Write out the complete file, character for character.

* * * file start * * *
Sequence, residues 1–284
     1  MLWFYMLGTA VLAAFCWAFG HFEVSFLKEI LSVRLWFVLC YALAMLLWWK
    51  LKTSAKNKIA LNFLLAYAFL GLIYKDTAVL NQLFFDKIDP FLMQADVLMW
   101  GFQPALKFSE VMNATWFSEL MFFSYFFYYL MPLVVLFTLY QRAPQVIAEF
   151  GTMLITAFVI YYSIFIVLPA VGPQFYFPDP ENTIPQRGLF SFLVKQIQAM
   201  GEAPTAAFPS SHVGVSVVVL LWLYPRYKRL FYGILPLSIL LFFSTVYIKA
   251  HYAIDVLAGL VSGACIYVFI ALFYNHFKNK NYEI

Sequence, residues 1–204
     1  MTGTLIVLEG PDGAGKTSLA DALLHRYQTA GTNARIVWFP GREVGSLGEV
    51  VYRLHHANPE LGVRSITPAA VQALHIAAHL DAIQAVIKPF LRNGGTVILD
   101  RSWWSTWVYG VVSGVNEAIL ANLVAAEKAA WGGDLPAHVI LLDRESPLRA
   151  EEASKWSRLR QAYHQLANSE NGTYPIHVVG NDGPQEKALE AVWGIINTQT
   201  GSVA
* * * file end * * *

Sequence, residues 1–284
     1  MLWFYMLGTA VLAAFCWAFG HFEVSFLKEI LSVRLWFVLC YALAMLLWWK
    51  LKTSAKNKIA LNFLLAYAFL GLIYKDTAVL NQLFFDKIDP FLMQADVLMW
   101  GFQPALKFSE VMNATWFSEL MFFSYFFYYL MPLVVLFTLY QRAPQVIAEF
   151  GTMLITAFVI YYSIFIVLPA VGPQFYFPDP ENTIPQRGLF SFLVKQIQAM
   201  GEAPTAAFPS SHVGVSVVVL LWLYPRYKRL FYGILPLSIL LFFSTVYIKA
   251  HYAIDVLAGL VSGACIYVFI ALFYNHFKNK NYEI

Sequence, residues 1–204
     1  MTGTLIVLEG PDGAGKTSLA DALLHRYQTA GTNARIVWFP GREVGSLGEV
    51  VYRLHHANPE LGVRSITPAA VQALHIAAHL DAIQAVIKPF LRNGGTVILD
   101  RSWWSTWVYG VVSGVNEAIL ANLVAAEKAA WGGDLPAHVI LLDRESPLRA
   151  EEASKWSRLR QAYHQLANSE NGTYPIHVVG NDGPQEKALE AVWGIINTQT
   201  GSVA